The Resource Efficiency Industry Advisory Group for Food & Drink (REIAG) was set up in 2012 to promote opportunities and stimulate innovation in the food and drink industry.
Interface matches businesses to academics, with the overall aim of enabling companies to be more competitive in national or global markets.
Innovation can lead to transformation within an industry sector, not only for individual businesses but also for groups of businesses working together to address common challenges.
Many economic reviews and testimonies demonstrated that facilitating opportunities for academics to work with groups of companies is an effective way of increasing the impact and reach of innovation on the Scottish economy.
The Resource Efficiency Industry Advisory Group for Food & Drink (REIAG) was set up in 2012 as a result of a partnership between Interface Food & Drink, Zero Waste Scotland and the Food and Drink Federation (FDF) Scotland. The aim was to raise awareness and promote opportunities related to environmental sustainability and to stimulate innovation in the food and drink industry.
The membership comprises 25 Scottish food manufacturers, from bakers to brewers and fish processors to fruit growers. The group has a flexible structure where members attend meetings and participate in collaborative projects.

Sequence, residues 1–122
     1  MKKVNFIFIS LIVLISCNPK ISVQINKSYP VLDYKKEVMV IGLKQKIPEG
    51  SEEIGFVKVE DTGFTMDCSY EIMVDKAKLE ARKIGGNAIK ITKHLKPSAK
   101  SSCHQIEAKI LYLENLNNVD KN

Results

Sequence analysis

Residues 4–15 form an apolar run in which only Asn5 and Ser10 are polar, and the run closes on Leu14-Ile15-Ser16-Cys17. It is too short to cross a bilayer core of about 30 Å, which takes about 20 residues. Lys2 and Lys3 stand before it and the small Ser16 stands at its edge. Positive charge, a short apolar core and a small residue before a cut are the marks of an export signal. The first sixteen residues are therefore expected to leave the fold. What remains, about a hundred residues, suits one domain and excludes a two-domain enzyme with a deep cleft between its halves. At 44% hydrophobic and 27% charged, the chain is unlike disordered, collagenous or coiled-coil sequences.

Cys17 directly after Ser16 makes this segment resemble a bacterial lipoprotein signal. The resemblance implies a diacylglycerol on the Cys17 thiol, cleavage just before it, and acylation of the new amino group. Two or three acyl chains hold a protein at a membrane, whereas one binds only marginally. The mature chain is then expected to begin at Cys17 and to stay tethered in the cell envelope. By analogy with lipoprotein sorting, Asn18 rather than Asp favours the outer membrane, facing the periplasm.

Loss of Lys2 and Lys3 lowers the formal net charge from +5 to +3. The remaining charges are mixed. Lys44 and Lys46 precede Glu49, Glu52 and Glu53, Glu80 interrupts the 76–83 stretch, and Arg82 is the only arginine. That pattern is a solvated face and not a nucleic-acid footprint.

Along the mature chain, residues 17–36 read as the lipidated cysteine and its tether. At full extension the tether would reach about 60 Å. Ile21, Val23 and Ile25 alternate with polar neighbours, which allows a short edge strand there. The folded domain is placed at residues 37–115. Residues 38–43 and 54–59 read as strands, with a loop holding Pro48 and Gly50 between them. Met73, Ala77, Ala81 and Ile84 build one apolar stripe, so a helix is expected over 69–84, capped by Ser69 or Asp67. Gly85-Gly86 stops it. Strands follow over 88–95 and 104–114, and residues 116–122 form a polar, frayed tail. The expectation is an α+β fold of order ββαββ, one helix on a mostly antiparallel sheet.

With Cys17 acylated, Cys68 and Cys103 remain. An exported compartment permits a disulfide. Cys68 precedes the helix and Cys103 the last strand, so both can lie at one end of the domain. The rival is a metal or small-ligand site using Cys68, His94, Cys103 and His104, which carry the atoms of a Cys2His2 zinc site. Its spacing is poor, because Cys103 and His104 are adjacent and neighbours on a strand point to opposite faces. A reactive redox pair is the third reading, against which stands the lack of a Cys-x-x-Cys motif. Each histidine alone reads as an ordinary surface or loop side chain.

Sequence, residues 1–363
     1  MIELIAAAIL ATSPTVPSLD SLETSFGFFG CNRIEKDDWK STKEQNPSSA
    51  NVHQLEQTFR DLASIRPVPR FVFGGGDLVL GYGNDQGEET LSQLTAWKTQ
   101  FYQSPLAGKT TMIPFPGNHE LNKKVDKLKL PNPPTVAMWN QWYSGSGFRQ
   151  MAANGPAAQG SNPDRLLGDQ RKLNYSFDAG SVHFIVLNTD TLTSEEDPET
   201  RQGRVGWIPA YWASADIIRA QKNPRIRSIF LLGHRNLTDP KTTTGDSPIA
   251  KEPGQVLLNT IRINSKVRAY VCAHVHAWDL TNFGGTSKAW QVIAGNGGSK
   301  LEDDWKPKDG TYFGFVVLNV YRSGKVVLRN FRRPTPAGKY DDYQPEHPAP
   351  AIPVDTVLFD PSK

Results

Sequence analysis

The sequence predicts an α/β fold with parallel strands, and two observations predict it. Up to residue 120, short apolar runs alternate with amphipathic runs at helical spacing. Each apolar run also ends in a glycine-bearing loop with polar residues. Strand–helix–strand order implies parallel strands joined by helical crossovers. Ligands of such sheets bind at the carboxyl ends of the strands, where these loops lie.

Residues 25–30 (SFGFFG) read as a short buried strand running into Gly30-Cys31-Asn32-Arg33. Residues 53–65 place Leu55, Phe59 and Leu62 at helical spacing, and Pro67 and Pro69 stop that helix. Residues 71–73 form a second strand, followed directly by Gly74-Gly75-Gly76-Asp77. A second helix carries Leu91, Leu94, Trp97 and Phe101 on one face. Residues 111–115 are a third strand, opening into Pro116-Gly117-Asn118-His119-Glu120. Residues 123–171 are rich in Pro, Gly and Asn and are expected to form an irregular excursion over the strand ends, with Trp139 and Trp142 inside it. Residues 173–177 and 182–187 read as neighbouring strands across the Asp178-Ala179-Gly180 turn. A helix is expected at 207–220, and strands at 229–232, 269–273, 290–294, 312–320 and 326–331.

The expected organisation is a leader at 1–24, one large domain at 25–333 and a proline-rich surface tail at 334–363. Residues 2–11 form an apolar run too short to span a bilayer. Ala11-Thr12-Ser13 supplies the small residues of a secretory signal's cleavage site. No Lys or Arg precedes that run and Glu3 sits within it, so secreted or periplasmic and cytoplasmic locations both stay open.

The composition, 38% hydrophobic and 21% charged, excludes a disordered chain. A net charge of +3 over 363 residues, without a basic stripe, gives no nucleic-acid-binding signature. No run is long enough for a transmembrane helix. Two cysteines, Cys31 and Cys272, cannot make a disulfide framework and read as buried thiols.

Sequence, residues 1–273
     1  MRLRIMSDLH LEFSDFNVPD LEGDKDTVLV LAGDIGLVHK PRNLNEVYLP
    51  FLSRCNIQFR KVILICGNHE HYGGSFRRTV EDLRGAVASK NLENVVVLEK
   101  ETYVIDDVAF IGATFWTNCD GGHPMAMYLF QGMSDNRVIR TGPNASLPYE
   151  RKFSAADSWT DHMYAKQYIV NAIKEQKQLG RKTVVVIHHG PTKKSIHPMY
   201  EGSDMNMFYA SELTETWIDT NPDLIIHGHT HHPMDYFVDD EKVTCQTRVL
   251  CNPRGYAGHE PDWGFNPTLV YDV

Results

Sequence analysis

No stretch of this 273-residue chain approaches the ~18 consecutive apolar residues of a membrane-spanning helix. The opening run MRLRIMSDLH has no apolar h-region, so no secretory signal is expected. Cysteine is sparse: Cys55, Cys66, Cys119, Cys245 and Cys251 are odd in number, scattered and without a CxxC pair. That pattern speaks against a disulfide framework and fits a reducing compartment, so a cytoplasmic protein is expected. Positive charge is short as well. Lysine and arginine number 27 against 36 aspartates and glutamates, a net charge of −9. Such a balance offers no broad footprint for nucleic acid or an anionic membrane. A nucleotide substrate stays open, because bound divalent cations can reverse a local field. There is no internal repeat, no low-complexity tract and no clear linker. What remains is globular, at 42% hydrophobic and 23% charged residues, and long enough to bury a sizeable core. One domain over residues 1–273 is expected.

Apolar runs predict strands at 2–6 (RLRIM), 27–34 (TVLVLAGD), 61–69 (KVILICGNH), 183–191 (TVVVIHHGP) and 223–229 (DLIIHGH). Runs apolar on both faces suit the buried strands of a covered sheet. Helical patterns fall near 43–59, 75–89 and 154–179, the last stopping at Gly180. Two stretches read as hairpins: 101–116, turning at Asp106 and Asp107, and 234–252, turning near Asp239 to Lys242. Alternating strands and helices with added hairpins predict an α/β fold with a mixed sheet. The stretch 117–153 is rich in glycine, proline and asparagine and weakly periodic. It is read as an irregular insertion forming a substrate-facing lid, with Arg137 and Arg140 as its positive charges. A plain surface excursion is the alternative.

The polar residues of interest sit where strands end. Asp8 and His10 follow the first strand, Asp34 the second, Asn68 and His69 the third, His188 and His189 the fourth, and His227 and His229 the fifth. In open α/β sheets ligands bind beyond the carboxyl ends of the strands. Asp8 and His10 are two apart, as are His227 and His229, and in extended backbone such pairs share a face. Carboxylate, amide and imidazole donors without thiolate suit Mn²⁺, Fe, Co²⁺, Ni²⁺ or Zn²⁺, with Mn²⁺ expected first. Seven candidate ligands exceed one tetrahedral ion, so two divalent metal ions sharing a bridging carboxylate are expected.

The Scottish Government’s new Circular Economy Strategy has set ambitious goals like the new food waste reduction target. Measures to reduce energy and waste support companies to improve efficiencies in a sector where in general, prices are remaining competitive but costs are rising.
The sector has become increasingly competitive but can’t rely on developing new products to flourish and achieve the target of £30bn in revenue for the Scottish food and drink industry by 2030.
REIAG aims to improve the environmental sustainability of the industry by delivering innovation projects with academia and providing a forum for direct interaction between businesses and experts. Companies with a common purpose are encouraged to collaborate around innovation and can gain access to academic and business expertise in a nurturing and supportive environment.
A selection of impactful projects are listed below which have de-risked early stage concepts, providing independent evidence of new ways to enhance the sustainability of the Scottish Food and Drink Industry.
Bacterial removal from recycled water – Shellfish Processors
This project was led by the Scottish Shellfish Marketing Group who collaborated with the University of Edinburgh and the James Hutton Institute to carry out research into the effectiveness of UV lighting to kill bacteria in the wash process and by doing so to increase the number of times the water can be recycled. This has led to a further project using UV and filtration techniques to further enhance the water treatment system.